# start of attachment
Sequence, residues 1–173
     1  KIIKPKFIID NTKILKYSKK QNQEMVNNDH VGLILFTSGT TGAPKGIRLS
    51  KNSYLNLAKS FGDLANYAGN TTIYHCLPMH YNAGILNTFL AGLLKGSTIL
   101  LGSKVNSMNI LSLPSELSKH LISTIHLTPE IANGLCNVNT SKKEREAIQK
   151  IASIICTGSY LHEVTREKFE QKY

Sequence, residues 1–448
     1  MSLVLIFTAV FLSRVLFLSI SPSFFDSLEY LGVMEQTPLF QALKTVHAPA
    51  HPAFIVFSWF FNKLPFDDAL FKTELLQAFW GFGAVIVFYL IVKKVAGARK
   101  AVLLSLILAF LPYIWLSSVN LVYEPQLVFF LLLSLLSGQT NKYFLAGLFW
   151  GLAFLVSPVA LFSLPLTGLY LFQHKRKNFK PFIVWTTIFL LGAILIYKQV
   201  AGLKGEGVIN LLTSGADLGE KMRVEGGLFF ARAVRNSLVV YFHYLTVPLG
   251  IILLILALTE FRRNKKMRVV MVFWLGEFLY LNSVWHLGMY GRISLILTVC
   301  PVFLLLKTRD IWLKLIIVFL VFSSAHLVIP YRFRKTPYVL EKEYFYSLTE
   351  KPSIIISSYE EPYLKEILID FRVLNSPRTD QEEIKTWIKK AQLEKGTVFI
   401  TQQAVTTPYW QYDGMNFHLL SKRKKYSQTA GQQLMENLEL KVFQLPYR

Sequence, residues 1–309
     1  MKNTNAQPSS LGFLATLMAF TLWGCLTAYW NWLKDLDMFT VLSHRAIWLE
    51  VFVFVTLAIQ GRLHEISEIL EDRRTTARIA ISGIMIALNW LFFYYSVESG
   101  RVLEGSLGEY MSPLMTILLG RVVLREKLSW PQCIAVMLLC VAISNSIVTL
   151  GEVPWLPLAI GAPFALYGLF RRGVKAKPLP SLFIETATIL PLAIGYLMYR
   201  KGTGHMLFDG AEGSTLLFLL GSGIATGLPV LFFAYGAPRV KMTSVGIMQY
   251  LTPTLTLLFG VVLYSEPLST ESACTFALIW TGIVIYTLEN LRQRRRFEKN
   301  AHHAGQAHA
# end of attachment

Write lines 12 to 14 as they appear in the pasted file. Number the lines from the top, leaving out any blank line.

   251  IILLILALTE FRRNKKMRVV MVFWLGEFLY LNSVWHLGMY GRISLILTVC
   301  PVFLLLKTRD IWLKLIIVFL VFSSAHLVIP YRFRKTPYVL EKEYFYSLTE
   351  KPSIIISSYE EPYLKEILID FRVLNSPRTD QEEIKTWIKK AQLEKGTVFI